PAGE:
Reversing protectionist policies forbidding foreign products in order to bolster domestic industry, in 1903 the Japanese government opened the first National Industrial Exhibition to allow the presentation of imported goods.
The event attracted some 4,350,000 visitors. For the first time, the Japanese people would be able to see not only things that had been brought from all over the world but also, in what was dubbed the “Pavilion of the Human Races,” organized with the assistance of Tokyo Imperial University’s Anthropological Society, the kind of “human exhibit” then popular at expositions in Europe and the United States. As conceived, the pavilion would start with reproductions of the illustrations (photographs) found in the English publication The Living Races of Mankind, while inside indigenous peoples were to be exhibited in structures modeled on the traditional dwellings of the different “races.” However, encountering fierce resistance from the those who were to be represented, this “human exhibit” that would turn living people into objects or scientific specimens had to be revised at the planning stage.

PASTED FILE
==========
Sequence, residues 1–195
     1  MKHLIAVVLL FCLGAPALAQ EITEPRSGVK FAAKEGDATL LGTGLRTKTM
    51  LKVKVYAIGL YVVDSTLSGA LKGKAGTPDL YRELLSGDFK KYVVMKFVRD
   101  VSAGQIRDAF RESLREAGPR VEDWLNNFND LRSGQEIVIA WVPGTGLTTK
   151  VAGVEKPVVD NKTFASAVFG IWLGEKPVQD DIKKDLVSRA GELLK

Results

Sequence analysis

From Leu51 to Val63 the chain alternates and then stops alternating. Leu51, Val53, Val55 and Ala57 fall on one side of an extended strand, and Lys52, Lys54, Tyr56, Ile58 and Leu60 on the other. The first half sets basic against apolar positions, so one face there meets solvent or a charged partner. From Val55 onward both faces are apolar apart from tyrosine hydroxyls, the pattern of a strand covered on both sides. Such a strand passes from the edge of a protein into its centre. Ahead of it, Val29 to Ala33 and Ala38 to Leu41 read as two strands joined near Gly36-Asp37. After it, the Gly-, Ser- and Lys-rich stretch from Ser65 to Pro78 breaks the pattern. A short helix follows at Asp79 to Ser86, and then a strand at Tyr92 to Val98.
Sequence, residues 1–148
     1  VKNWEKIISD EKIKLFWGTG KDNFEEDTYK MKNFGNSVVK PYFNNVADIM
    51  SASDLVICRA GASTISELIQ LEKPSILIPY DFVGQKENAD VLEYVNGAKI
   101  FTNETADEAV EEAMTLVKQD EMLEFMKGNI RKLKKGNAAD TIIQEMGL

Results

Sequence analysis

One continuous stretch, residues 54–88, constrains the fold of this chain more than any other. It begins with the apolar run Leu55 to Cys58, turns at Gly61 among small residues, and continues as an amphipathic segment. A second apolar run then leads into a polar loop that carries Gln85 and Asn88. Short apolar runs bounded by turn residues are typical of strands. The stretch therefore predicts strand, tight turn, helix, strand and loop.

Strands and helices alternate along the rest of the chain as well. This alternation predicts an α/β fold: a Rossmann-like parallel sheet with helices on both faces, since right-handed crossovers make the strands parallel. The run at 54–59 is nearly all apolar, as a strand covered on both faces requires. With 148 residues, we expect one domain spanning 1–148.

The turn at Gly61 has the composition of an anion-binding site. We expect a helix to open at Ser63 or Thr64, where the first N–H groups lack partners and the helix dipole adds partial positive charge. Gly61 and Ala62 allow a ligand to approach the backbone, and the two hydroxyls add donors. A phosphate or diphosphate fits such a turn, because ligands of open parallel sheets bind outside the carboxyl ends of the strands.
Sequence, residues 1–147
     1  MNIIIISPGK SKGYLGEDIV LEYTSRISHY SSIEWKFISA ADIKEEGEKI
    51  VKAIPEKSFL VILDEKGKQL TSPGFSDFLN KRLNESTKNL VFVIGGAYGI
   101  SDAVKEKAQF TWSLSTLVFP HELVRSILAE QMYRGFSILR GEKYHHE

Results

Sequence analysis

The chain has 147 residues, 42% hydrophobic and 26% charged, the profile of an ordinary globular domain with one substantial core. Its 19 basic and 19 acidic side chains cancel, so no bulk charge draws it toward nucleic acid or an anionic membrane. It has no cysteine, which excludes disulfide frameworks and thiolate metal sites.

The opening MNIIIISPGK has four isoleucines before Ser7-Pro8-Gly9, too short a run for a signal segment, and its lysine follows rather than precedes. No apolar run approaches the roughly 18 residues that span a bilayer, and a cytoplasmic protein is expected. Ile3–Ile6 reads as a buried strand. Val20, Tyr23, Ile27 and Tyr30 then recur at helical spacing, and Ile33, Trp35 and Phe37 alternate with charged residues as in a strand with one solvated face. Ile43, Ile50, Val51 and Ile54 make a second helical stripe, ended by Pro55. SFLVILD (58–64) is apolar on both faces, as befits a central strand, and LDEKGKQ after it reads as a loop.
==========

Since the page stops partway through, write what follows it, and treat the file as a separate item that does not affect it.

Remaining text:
This work documents a workshop in which participants pretended to be the turn-of-the-century “Japanese” who imported the “imperialist gaze” from Europe and the United States and turned it toward the Ainu, Okinawa, Taiwan, and Korea. The workshop was planned based on the plan of the “Human pavilion” at the National Industrial Exhibition held in Osaka in 1903. While acting as performers under Fujii’s instructions, the participants ended up in discriminating against the other participants, similarly to what had happened at Human Pavilion It is uncertain whether this anachronistic exercise using a prescribed framework to revive behavior, language and attitudes that were rejected by postwar democracy was truly able to excavate the violent undercurrents of colonialism and racism that once ruled the world. Have those undercurrents really dried up and perished in our 21st-century societies that champion diversity?